Objective: The Tilburg Frailty Instrument (TFI) is an instrument for assessing frailty in community-dwelling older people. Since its development, many studies have been carried out examining the psychometric properties. The aim of this study was to provide a review of the main findings with regard to the reliability and validity of the TFI.
Methods: We conducted a literature search in the PubMed and CINAHL databases on May 30, 2020. An inclusion criterion was the use of the entire TFI, part B, referring to the 15 components. No restrictions were placed on language or year of publication.
Results: In total, 27 studies reported about the psychometric properties of the TFI. By far, most of the studies (n = 25) were focused on community-dwelling older people. Many studies showed that the internal consistency and test–retest reliability are good, which also applies for the criterion and construct validity. In many studies, adverse outcomes of interest were disability, increased health-care utilization, lower quality of life, and mortality. Regarding disability, studies predominantly show results that are excellent, with an area under the curve (AUC) >0.80. In addition, the TFI showed good associations with lower quality of life and the findings concerning mortality were at least acceptable. However, the association of the TFI with some indicators of health-care utilization can be indicated as poor (eg, visits to a general practitioner, hospitalization).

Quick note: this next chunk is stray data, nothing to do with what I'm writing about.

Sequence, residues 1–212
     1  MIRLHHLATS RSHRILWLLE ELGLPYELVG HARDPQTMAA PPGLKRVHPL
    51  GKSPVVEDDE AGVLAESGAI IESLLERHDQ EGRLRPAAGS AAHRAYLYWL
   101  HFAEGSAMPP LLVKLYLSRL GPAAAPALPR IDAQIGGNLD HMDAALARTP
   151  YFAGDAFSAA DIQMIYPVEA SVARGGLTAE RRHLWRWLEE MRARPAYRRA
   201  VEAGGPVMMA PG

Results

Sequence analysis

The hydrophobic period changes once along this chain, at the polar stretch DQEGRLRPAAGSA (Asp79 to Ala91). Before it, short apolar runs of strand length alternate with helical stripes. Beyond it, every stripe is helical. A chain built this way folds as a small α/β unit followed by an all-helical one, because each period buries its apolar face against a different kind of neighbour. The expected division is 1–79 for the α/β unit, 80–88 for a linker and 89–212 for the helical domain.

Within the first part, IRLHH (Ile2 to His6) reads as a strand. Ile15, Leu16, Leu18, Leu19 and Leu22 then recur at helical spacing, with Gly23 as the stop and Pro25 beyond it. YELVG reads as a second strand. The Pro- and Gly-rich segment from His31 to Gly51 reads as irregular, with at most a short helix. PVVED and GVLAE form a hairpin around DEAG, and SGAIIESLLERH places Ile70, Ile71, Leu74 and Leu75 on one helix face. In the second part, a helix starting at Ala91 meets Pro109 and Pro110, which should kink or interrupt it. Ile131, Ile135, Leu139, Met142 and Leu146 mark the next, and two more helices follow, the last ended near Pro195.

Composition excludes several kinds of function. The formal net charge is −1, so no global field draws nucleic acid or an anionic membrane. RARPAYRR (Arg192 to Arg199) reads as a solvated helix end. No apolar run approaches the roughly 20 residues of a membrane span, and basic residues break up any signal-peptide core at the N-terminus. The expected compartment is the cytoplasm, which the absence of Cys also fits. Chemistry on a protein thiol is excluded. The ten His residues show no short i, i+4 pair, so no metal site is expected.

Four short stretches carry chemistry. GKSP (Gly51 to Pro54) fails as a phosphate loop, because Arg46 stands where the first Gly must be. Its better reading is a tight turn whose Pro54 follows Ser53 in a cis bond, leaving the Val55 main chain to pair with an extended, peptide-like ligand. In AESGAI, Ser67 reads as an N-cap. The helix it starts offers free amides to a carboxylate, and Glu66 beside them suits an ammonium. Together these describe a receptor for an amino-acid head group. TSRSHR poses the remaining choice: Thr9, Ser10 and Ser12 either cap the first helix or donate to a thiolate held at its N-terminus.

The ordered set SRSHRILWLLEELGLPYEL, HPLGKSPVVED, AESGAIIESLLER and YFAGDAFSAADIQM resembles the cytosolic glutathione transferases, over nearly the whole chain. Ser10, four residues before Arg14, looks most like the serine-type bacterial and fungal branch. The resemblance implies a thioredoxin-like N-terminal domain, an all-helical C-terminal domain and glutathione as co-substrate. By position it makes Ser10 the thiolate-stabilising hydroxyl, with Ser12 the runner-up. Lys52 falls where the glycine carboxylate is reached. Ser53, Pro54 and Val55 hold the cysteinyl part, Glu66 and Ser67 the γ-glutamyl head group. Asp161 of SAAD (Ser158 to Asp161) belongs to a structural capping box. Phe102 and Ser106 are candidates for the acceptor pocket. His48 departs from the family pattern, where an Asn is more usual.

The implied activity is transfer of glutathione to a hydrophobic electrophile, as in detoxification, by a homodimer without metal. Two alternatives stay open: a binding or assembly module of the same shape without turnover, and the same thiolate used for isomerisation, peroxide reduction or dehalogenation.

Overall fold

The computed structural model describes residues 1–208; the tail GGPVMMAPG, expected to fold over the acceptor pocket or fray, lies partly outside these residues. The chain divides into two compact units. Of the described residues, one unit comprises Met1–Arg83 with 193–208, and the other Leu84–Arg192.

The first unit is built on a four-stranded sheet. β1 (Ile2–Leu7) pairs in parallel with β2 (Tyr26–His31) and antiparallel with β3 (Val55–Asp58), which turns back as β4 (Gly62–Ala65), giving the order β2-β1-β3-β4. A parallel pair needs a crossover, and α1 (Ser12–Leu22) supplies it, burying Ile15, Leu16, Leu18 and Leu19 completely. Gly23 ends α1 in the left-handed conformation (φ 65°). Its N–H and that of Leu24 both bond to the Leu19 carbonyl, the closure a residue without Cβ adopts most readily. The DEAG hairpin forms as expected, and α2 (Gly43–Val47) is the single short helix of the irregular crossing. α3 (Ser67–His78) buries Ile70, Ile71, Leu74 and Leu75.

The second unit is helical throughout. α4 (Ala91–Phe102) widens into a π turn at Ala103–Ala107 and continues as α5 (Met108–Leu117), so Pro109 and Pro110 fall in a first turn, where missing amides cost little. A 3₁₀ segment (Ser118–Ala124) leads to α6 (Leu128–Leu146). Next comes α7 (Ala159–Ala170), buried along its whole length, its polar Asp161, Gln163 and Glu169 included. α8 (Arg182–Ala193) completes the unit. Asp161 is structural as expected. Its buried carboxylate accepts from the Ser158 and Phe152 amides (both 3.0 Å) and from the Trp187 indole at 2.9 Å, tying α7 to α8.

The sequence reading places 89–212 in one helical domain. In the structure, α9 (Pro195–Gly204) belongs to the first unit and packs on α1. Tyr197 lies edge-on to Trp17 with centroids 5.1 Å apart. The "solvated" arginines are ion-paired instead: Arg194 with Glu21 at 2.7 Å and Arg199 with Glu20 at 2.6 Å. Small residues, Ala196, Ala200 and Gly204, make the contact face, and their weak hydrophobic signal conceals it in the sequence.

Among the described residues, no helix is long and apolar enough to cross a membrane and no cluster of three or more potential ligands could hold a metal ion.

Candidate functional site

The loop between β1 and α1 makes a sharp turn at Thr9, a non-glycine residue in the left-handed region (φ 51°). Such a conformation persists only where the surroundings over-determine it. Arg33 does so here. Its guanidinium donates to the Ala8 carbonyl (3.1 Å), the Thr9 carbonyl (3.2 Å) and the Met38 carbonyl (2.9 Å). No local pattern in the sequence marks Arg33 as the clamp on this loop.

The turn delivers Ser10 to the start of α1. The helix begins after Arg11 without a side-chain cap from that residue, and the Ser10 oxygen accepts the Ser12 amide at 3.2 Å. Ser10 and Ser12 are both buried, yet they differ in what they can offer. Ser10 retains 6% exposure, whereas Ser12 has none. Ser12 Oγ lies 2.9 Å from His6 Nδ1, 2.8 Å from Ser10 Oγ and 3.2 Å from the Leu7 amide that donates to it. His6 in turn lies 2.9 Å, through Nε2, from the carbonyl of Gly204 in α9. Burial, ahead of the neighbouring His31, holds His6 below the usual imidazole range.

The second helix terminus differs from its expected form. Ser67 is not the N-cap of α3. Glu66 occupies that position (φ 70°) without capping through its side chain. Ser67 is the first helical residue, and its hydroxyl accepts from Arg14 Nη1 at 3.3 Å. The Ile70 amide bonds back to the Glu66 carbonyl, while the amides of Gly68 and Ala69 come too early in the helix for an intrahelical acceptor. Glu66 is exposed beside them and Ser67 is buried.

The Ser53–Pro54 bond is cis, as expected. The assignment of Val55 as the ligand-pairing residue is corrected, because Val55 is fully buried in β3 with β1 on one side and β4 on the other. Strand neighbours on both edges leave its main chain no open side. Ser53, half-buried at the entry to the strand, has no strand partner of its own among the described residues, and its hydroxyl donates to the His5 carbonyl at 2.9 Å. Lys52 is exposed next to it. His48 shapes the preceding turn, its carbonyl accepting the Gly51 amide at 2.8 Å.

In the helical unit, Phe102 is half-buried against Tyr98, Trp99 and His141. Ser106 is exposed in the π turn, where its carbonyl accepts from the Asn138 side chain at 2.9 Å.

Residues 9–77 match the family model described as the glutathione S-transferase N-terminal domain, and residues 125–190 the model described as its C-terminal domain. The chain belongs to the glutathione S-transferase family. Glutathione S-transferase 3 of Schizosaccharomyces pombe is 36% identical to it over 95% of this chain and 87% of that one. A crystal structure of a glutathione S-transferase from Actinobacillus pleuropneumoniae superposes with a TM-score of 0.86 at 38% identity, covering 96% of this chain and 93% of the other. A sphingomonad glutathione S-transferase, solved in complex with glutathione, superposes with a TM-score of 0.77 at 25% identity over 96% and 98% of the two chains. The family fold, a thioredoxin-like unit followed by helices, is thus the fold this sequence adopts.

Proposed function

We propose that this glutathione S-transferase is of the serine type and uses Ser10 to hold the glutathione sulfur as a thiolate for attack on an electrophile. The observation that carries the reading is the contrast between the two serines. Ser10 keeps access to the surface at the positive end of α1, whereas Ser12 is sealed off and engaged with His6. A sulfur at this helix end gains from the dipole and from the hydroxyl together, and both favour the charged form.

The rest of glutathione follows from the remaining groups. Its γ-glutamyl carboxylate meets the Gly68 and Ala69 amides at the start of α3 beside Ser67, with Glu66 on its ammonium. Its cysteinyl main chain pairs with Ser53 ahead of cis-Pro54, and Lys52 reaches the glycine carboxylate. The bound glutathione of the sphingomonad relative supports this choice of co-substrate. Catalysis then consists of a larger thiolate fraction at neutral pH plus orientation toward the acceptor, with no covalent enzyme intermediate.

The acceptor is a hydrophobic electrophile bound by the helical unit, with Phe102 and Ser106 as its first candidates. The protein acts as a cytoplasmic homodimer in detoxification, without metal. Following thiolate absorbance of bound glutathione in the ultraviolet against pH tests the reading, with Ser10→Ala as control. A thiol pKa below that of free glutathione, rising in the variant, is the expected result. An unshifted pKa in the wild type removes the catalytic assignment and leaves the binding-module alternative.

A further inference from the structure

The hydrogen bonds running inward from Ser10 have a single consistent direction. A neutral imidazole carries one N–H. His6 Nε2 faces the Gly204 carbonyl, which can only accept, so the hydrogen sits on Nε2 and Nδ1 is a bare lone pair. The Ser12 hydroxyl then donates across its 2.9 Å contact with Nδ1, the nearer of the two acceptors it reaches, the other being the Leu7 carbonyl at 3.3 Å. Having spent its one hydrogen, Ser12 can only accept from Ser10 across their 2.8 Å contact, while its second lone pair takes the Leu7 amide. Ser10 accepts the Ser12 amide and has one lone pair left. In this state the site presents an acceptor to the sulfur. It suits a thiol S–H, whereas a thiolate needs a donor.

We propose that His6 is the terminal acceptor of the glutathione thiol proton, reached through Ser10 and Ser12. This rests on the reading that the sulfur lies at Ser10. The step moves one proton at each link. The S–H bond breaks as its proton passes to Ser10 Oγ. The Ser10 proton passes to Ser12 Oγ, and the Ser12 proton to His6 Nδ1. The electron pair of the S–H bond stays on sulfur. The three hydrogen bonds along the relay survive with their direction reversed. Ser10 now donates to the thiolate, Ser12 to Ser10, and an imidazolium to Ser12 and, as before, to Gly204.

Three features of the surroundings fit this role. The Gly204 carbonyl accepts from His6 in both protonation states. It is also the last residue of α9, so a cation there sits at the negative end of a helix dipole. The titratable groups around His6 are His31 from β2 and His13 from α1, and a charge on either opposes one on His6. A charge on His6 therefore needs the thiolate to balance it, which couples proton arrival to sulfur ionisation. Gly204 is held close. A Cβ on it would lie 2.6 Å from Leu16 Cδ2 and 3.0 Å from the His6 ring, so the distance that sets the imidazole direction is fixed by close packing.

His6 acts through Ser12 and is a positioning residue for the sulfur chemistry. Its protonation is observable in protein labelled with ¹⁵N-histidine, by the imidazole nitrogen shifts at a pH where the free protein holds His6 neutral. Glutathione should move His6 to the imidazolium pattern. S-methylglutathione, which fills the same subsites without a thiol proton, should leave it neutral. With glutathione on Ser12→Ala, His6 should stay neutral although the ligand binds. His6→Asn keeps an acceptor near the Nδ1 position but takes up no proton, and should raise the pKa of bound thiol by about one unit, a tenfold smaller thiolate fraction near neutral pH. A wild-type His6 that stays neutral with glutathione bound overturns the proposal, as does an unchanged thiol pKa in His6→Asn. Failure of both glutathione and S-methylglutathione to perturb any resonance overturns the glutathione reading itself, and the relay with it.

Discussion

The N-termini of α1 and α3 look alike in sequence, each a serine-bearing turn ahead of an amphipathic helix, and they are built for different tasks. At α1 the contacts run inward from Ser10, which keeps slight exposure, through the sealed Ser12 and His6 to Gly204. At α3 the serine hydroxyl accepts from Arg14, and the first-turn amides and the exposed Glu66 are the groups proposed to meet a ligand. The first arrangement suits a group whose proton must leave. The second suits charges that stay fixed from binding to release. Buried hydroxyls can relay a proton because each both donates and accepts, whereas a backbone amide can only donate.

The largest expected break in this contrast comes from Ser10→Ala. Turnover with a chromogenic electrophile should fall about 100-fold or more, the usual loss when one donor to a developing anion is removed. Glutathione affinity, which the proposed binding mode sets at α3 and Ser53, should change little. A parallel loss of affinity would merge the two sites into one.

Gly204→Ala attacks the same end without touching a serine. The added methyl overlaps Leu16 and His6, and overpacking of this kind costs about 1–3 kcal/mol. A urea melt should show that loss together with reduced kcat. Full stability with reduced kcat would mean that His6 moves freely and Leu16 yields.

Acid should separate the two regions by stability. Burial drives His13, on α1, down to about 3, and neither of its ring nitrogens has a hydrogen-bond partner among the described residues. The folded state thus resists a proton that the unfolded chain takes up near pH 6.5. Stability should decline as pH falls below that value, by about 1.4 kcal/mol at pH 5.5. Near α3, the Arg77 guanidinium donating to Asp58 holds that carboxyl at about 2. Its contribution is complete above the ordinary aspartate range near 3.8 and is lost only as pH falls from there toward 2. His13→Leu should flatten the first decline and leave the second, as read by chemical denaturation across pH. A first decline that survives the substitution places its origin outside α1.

Conclusion: Since population aging is occurring all over the world, it is important that the TFI is available and well known that it is a user-friendly instrument for assessing frailty and its psychometric properties being qualified as good. The findings of this assessment can support health-care professionals in selecting interventions to reduce frailty and delay its adverse outcomes, such as disability and lower quality of life.